economic system is tied together and the business person who is trained to create economic value
in a community is welcome, even in countries where the career missionary is not. People want a
steady job. They want to be able to educate their children a
nd buy medicine when they are sick
and have a house that keeps the rain out. They want some of the comforts of life like a
refrigerator or a cell phone. Therefore they welcome viable businesses in their community. The
world is ripe for a model of evange
lism that uses the Christian’s business and professional skills
as a vehicle for cross
cultural evangelism. At the same time, except for sending people to teach
English as a foreign language (EFL), the Western evangelical church is largely quiet about thi
situation, neither understanding it well nor understanding how to support Christians within it


There is good reason to suppose that if western Christians turned their finances over to God, it would be possible
to fund many more career missionaries (
Blomberg, 1999). The argument here is not that this is a bad method but
that, as things stand, other methods should be also utilized.


(Rundle, 2000a). Thus, a great opportunity for world evangelism is largely being overlooked.

However, there are individuals who see the opportunity

and are taking it. Models that
mix secular work and cross cultural evangelism have deep roots; the apostle Paul paid his own
way on his missionary journeys by making tents (Acts 18:3). There are contemporary Christian
professionals who take jobs overse
as with the intention of supporting themselves and witnessing
to the nationals in their sphere of influence. Other Christians support micro
enterprises in order
to help the poor or give economic support to the church. There are also career missionaries w
have started businesses in order to legally enter or stay in countries that are closed to the Gospel
(Clarke, 1997).

All these models are viable though there are difficulties, particularly with the last model.
Many career missionaries do not have the

business training that allows them to successfully
create a profitable business. Therefore, they either create a “phantom” business and tacitly lie
about their intention of making a profit (Siemens, 1997), or have a failing business that their

must maintain in addition to the missionary family (Rundle, 2000b). Either of these
consequences can bring shame to the name of Christ and will do little, or nothing, to benefit the

Historically however, Christian groups have been highly succ
essful at bringing the
Gospel to their generation using economic models

businesses for God. The Moravians, for
example, were a community of Christians from Saxony who deliberately created businesses in
order to fund their missionary efforts. The idea wa
s that a Moravian would work in the group’s
economic endeavors for a time and be a full
time missionary for a time (Danker, 1971). The
Swiss based Basel Mission Society used trade as a tool to strengthen the church in India and
Africa (Danker, 1971).


hese businesses for God were designed to be profitable and support themselves and
missionaries as well. However for the Moravians and the Basel Christians, as for the Puritans, a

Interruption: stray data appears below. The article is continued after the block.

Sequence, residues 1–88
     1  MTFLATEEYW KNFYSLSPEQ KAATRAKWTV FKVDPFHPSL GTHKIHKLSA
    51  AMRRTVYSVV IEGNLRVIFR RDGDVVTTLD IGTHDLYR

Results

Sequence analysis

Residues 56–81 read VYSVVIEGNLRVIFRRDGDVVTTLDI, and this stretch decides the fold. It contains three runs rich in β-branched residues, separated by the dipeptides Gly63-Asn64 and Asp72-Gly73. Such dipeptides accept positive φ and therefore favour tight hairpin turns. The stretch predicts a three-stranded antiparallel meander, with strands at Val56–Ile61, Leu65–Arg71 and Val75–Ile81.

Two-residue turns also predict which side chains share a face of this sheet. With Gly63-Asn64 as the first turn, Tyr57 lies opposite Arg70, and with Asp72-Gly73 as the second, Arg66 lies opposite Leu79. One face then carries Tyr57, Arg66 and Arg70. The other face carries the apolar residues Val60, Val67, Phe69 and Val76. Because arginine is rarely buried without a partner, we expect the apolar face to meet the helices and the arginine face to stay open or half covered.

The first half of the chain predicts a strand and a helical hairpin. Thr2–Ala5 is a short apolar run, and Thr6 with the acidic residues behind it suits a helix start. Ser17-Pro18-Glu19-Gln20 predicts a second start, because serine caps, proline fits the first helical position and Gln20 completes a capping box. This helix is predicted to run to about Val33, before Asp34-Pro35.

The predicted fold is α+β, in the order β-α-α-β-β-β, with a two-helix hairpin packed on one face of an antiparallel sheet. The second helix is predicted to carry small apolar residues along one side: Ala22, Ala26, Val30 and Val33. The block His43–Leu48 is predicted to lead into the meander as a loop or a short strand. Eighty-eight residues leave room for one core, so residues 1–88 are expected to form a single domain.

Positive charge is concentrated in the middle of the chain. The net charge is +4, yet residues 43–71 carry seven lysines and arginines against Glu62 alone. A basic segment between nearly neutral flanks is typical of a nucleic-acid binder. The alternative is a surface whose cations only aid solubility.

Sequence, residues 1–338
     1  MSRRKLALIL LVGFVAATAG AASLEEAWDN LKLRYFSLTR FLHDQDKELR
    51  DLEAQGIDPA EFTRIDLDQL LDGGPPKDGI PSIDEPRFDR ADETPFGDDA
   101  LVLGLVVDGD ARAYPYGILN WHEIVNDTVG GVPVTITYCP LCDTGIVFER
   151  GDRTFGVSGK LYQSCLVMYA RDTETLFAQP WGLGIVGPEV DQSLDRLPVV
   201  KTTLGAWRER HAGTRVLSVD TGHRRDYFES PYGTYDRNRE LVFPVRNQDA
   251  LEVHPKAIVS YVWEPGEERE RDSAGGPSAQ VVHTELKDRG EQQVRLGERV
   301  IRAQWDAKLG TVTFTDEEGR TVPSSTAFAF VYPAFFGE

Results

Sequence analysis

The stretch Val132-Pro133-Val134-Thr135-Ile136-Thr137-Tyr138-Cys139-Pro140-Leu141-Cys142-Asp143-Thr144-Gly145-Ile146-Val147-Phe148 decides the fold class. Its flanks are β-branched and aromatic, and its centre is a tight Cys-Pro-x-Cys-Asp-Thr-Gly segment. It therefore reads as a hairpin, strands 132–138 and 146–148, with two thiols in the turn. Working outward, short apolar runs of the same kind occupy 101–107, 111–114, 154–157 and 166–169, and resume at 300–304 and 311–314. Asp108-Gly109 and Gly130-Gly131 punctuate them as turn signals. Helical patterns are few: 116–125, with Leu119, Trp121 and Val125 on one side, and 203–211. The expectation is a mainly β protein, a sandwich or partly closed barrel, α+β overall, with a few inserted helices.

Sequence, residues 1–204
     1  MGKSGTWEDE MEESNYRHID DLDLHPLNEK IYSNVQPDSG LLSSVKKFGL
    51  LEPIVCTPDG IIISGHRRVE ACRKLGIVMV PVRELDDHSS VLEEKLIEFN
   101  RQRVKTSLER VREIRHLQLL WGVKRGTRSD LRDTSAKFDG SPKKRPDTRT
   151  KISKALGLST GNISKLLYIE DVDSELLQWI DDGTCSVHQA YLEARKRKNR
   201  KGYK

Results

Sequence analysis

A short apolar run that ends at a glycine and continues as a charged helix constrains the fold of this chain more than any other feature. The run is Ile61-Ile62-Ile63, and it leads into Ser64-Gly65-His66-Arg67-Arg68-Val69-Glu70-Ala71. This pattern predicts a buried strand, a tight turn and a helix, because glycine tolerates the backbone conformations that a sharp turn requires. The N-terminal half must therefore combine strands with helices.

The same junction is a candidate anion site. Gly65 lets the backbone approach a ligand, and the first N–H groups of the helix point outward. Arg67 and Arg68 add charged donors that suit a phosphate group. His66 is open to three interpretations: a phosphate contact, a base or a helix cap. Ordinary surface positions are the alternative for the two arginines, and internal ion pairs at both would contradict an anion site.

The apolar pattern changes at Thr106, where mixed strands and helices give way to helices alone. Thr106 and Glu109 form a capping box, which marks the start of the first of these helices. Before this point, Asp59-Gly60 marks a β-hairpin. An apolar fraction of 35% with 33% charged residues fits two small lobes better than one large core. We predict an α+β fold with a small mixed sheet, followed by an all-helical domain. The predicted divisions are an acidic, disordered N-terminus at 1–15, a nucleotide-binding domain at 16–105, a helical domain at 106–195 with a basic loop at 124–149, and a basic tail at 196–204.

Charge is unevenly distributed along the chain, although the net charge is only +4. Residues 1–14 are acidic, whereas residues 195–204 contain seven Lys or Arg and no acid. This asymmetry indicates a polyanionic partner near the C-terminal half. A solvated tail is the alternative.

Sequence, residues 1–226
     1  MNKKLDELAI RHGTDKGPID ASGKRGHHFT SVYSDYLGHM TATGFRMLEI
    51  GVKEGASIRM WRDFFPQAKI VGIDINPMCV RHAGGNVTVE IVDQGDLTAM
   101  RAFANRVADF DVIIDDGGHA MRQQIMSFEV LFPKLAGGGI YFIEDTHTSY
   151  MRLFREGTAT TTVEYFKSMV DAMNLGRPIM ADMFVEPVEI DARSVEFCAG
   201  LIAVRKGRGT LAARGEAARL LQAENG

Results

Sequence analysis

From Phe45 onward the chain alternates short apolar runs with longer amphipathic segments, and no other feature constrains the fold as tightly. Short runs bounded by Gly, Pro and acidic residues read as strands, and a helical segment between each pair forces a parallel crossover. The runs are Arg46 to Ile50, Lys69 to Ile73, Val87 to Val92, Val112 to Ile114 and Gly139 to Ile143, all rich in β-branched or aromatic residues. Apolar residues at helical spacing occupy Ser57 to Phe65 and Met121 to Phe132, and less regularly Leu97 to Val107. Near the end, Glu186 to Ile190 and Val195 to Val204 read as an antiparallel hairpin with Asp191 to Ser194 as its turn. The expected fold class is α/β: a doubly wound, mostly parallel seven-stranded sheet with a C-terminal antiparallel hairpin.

business for God meant that profit was important, but was secondary to the m
ission of honoring
God and loving one’s neighbor. The Moravians and the Basel Mission Society showed that
when a Godly business is combined with evangelism, it can be a powerful forum for evangelism
and it can strengthen the resulting church.

A Bus
iness for God is an Influential Forum for Evangelism.

A genuinely for
profit business can facilitate evangelism. A career missionary typically
enters an area and slowly makes friends with his neighbors and social acquaintances. However
from the beginni
ng a person creating a viable business is involved in the daily life of the
community, providing a good or service to customers and dealing with suppliers, employees,
neighbors, community leaders, government officials and so forth. Often these are people w
cannot be reached by more traditional means (Rundle, 2000b). In my personal experience as an
entrepreneur, I became friends with many people I met through the business. A businessperson
who is dealing honestly, not attempting personal enrichment (thou
gh making a fair profit), and
genuinely giving value to the community, will have many opportunities to share Christ.

The Moravians used enterprise as a deliberate tactic to become part of the life of the
community (Danker, 1971). They typically entered

a new field by sending craftsmen who could
support themselves and legitimately develop a business. For example, in 1754 they sent two
skilled tailors to Surinam as missionaries. The new tailor shop soon became known for its
quality work and the men had
so many customers they hired local slaves to help. The slaves
became Christians and were discipled as the group sat together sewing. A brother in Moravia


sent some cloth to sell and eventually came out to help sell more. A department store developed.
e store became a model of loving, honest service and this helped train new believers in a
Christian attitude to work and provided a living for church leaders who needed a second chance.
The Brethren found this business so beneficial to the church that in
1768 they formed a trading
company, C. Kersten & Co. Christoph Kersten was one of the original missionaries (C.Kersten
home page, 2001), but the full name of the company can be translated “Christ